Adventures: 3 Scenic Places to Stand up Paddleboard in Wales

It takes a while for my legs to adjust to water. I like to sit for a little while so I can get used to my watery surroundings.  Bobbing up and down, getting acquainted with the rhythm. The breeze is swirling all around me and taking a big deep breath I stand, it’s a precious and what can be a wet moment!  Slowly I let my breath out as it helps me to maintain my balance…..   It’s been a fantastic year or so finding some of the loveliest places to hone my stand up paddleboarding skills.

  1. Llyn Tegid, Bala, Snowdonia National Park

Llyn Tegid

Parking: yes but it includes the launch fee. For our van, we pay £2.50 for 4 hours or £5.00 for the whole day.  There are wardens who actively check!

Facilities: toilets and showers are available on site including the Loch Side Cafe who do a good veggie fry up!

Stand up Paddle Board rental: yes – in fact, there’s everything from SUPS, kayaks and canoes.

Other: there’s a sailing club on the other side of the lake as well as another car park which isn’t as busy and has a nice launch place.

Llyn Tegid

Set amongst Snowdonia National Park, the lake at Bala has tremendous views of the Aran mountain range and surrounding hills.    Therefore the wind can be a bit strong around these parts and the lake choppy! BUT  I have had the chance to paddleboard on here a number of times whilst it’s calm and it’s so wonderful.  Bala appeals to me especially because there are so many easy access points to paddle and swim.   There’s no big deep drop away like most lakes, so it’s an easy walk into the cool waters.

It’s Wales’s largest lake with the Dee and Tryweryn flowing alongside and into,  creating Llyn Tegid.  Whilst it gets a lot of tourist action, there’s enough room for everyone to help you feel wild at heart.

2. Clywedog Reservoir, Powys, Mid Wales

Clywedog Reservoir

Parking: Free

Launch Fee: £5 per boat

Facilities: toilets are available during opening season at the sailing club and showers for members.

Stand up Paddle Board Rental: NO sadly, you’ve to bring your own.

Other: only launch from the sailing club as other places belong to the dam which can be dangerous due to underwater machinery.

You’re in for a treat driving to the man-made reservoir since it’s packed full of hills and sneaky peaks of what you’re about to paddle on.  Drive slow because there are sheep on the road and the signs for the club are so tiny you may miss them!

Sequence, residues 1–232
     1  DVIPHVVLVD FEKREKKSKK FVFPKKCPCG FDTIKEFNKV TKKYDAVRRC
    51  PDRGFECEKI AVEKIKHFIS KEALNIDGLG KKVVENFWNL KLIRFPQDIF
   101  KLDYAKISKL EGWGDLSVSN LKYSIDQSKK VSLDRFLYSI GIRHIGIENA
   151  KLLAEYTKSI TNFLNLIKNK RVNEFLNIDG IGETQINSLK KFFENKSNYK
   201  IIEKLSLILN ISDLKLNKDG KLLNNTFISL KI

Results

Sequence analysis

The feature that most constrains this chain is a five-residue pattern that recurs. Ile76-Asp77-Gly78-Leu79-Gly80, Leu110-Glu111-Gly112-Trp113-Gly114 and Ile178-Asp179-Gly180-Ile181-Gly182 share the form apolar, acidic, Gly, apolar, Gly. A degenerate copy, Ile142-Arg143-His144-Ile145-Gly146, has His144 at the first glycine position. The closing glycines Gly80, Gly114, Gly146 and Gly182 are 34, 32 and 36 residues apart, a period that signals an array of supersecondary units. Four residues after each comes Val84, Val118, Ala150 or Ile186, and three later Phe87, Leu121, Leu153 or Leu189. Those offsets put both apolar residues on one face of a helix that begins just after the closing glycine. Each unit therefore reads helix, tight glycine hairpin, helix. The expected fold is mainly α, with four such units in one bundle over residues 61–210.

I like to paddle at Clywedog because there’s always someone around keeping a watchful eye on you and will give you safety advice depending on water levels and weather.

Clywedog Reservoir

There’s a nice launch point into the deep water when the water levels are too high to launch from the rocky sides.  It’s got a playful energy about the place, perhaps because it’s well known for sailing school residentials yet because there’s no rental shop nearby, you don’t get too many using Clywedog for recreational paddling – it’s peaceful!

3. Lake Vrynwy,  Powys

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Parking: there are free spots around the lake and a Pay & Display option too.

Launch Fee:  £5 per boat plus free parking at the outdoor activity centre. You must hire buoyancy aids or bring your own.

Facilities:  cafe, hotel & spa, nature reserve, picnic spots.

Stand up Paddle Board Rental: Yes but to date, there are only a few boards so best to pre-book.

SUP at lake vrynwy

Lake Vrynwy certainly feels wilder than the other two lakes I’ve mentioned.  It’s rugged looking and somewhat mysterious.  Perhaps because it used to be a village( Llanwddyn)! When the water levels are low, you can see the top of the church steeple…

Set among the remote Berwyn Mountains, Lake Vrnywy provides some seriously picturesque views whilst bobbing away on the water. There are various rocky ‘beaches’ to stop off and picnic on.  I’m not a huge fan of the launching point from Bethania Adventures because it’s steep and rocky, and feels somewhat awkward but once you’re on the water you’re free to paddle right around (well until the white house high on the hill) and even up to the dam wall.

I’m looking forward to adding a few more places to paddleboard in Wales. Look out for some guides too – it’s only taken me a year to get something down on paper!

Where do you like to go to paddle?

Chelsea